his wife and infant child were there, which is great -- I think the kid was drinking mai tais

anyway, NO ONE had the opportunity to rebut the b.s. Ruzzin laid down -- and the crowd cheered because...well, what do they know? they're drunkass

Forgive me, but I can think and chew gum at the same time and I happen to regard Ruzzin as a total con artist. Let me give you a recent example --

at the first August meeting of the Boulder city council, Ruzzin put a apresentation by RTD before the citizen participation portion of the meeting -- which pretty much always comes first on the agenda, at least until Ruzzin took office and started inserting PR presentations from Ball Aerospace or anything else he thinks is more important than Boulder's citizenry, which is pretty much anything that happens to please him --

I took issue -- I commented at the meeting after two people had to leave to take care of family business -- (one of the people leaving was Lisa Morzel) --

I wrote a letter to the Camera, which they published -- in turn, Mark Ruzzin wrote an even longer letter attacking me and saying I was trying to manufacture credibility for my candidacy --
what a jerk -- manufacture credibility? -- I'm sticking up for citizens who get disrespected every time they come down to council and are made to feel intimidated and as if they didn't belong --

that bothers me a lot --

in Ruzzin's attack, he picked out the 'straw man' argument -- he said that I knew full well the item was announced on the agenda (I had said there was an unannounced agenda adjustment)

well, technically, he was right! big deal! RTD was listed on the agenda -- I hadn't looked, because the staff signing people up will generally fill people in on unusual details -- for instance -- the fact that people who are expecting to speak in the first hour of the meeting but will unfortunately be delayed is an unusual detail that staff would normally share -- but they didn't!!!

and on other occasions, the presentations inserted prior to citizen participation have not been inserted into the agenda -- in any case, that's not the issue! the issue is the unadulterated lack of respect for people who take the time to come down and give voice to their -- very often -- unique and quite serious concerns ---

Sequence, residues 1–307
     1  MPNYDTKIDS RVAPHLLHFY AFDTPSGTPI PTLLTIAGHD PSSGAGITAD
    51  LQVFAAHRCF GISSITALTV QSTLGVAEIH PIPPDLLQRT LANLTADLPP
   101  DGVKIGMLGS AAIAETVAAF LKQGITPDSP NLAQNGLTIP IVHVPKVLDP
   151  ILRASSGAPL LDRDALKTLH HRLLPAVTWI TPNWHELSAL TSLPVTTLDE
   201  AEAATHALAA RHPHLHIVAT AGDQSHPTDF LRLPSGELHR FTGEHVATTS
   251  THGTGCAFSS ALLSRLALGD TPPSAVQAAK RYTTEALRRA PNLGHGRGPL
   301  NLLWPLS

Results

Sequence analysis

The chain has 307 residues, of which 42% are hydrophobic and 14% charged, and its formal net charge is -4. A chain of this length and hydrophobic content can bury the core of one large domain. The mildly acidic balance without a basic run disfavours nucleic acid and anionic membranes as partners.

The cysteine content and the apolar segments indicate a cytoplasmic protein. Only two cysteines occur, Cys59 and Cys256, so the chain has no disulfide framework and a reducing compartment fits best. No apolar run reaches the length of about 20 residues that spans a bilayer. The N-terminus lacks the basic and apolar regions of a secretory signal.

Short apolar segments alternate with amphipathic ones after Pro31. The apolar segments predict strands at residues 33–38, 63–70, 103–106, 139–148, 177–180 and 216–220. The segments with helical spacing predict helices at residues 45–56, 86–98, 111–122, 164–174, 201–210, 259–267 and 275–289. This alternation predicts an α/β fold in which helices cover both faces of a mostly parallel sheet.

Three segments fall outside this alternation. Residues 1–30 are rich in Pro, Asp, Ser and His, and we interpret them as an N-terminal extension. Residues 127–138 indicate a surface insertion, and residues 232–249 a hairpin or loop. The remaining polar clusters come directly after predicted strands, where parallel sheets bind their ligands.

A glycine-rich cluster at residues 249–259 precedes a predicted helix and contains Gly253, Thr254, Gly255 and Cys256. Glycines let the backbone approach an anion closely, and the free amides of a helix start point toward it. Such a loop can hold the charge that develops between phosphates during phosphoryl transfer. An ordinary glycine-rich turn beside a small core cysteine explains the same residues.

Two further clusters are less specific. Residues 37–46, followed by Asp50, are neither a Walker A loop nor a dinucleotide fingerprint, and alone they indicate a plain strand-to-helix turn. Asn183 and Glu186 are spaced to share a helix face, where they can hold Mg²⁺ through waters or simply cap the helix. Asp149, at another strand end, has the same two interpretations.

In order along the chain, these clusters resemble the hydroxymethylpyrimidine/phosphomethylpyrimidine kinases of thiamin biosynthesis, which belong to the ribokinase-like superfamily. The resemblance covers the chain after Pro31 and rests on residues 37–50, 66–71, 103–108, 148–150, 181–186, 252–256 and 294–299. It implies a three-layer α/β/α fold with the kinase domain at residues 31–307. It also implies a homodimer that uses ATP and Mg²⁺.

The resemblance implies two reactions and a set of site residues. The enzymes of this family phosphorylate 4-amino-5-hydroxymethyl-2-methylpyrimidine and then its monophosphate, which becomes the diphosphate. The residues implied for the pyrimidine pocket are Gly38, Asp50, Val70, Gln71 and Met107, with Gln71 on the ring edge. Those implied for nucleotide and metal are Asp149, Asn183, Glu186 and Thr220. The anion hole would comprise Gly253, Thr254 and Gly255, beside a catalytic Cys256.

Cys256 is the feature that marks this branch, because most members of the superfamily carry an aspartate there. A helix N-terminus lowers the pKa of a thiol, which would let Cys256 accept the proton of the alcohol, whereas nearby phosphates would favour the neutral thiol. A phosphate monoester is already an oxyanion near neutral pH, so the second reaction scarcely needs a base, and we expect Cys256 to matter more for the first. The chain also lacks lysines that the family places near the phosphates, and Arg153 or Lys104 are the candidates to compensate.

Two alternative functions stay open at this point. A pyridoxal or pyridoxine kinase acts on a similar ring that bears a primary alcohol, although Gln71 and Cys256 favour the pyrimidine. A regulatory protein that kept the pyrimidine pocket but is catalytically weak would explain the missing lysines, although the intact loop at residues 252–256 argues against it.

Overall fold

I've had enough. Haven't you? I walked High Street, Sunset, and a piece of Mapleton and Pine today -- a couple of people who didn't even know me at all invited me right in -- another several people wanted to discuss issues with me and had really important things to say --

I was particularly interested in the downzoning that occurred on Uni Hill and the 3-unrelated rule problems as related to me from a landlord's perspective --

I may not support every landlord's request, but I do think application of the 3-unrelated rule is very poor thinking --- also, the guilt-by-association of our nuisance ordinance -- I'm all in favor of the city stopping bad behavior by tenants -- I don't think the landlords necessarily foster it --
if they do specifically foster it, then perhaps they are culpable -- just the fact of renting to young tenants does not make them culpable if the young tenants make a mess or behave poorly

The discussion regards this went on forever at council and council came up with a plan to penalize anyone who rents to someone who might act badly -- so...we're talking about young people who rent, people who may not have an incredible track record, people who may show up to sign a lease looking a little scruffy or badass -- well, the city council is telling landlords not to rent to people who even look like they might cause a bit of trouble because the landlords can end up paying for it -- essentially it works out to another gentrification scheme --

in the big picture, it may not be the number one issue this season -- but still...when we come up with rules and regulations we have to make sure they're fair, otherwise we're just encouraging people to find ways to defy unfair laws.

That's how I see it.

I really enjoyed walking today -- it was a beautiful day -- some people just instantly said, "I will vote for you" -- and every time that happens it just makes me feel fantastic --

I may not pull the upset this go-round -- but then again I might --
if you think you can vote for me -- do so, but tell a friend as well

Mercury hits retrograde the day before the ballots are mailed --
astrologically, that indicates a time for big upsets --

I was posted at 100-to-1 by David Thielen, who many of the candidates are coming to understand is sort of a jerk --- to be polite

I wish I could visit every doorstep -- however, if I am elected, I promise to be available to everyone who has a doorstep -- how's that?

I'd insert the link for the Colorado Daily profile of me -- however, it wasn't working just now, so I'll wait to see if they get the glitch ironed out -- it was in the Thursday October 4th edition

it reads well